Reducing the hazards through Rogers Pass
The Canadian Pacific was not initially interested in building the most
economical road with low grades and slow curvatures, but in building
as quickly as possible. Thus the route through Rogers Pass clung to the
mountainside with steep grades. The eastern approach up the Beaver
Valley to Rogers Pass was an average 89 feet per mile. The descent to
the second crossing of the Columbia at Revelstoke was only slightly
less severe at 62 feet per mile.
In 1912-13 more than 6,100 trains passed over this section. To keep
this traffic moving, a large force of pusher engines, snowplows and
equipment shops were stationed in this section. It was one of the most
costly divisions from an operating point of view in the whole system.
In winter, despite miles of almost continuous snowsheds in Rogers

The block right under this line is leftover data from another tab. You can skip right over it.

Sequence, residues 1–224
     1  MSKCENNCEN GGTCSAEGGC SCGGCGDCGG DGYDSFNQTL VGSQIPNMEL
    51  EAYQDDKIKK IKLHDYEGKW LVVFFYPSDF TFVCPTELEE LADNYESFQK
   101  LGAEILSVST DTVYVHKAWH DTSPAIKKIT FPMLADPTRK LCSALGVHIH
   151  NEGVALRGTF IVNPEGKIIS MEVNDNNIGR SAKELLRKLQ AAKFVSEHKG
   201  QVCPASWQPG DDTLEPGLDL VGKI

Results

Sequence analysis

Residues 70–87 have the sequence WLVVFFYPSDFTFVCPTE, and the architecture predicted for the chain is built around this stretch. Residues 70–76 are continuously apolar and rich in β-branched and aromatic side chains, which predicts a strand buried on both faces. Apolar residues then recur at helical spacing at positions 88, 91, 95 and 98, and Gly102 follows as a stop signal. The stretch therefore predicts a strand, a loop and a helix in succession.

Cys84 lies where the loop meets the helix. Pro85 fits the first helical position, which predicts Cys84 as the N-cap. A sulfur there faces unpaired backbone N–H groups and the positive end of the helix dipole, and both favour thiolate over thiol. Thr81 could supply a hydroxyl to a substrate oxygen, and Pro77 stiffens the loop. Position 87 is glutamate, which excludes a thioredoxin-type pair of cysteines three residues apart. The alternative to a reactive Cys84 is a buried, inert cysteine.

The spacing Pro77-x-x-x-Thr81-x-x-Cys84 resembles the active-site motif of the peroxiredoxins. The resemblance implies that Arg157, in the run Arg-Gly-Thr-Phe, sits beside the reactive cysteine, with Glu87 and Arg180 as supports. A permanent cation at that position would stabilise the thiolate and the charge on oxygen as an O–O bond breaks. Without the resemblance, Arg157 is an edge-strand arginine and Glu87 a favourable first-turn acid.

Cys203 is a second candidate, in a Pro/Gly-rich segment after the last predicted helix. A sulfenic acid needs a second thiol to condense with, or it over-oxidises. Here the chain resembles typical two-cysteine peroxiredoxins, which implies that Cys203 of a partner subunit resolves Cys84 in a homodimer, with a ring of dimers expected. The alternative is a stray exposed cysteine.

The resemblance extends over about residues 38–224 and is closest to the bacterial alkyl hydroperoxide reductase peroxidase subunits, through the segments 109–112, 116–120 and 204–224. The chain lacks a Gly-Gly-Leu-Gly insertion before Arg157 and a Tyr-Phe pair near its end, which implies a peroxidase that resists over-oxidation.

Pass, avalanches at times held up traffic for days. In 1910 a
The Connaught Tunnel
The solution, the Connaught Tunnel, a five mile long tunnel through
By 1913, the necessity for this tunnel was so great that the Canadian
Pacific, everything else being equal, favoured the party who could
guarantee completion of construction in the shortest time. The
partnership of Foley, Welch & Stewart won the bid.
To expedite construction Foley, Welch & Stewart proposed to bore a
small “pioneer” tunnel then making crosswalks to several locations of
the main. This allowed work to be started at many spots on the main
tunnel inside the mountain instead of the usual practice of the time of
drilling from one end.
Another novel idea was to use mechanical shovels run by compressed
air. These, along with the drills run on compressed air, required the
use of large boilers and exceptionally powerful pumps and
The tunnel openned in 1916. On July 18, 1916 a special train carried
the Duke of Connaught, the Governor-General of Canada, through the
tunnel. At a western portal ceremony he officially named the tunnel
the “Selkirk Tunnel.” However, later it was renamed
“Connaught Tunnel” in his honour.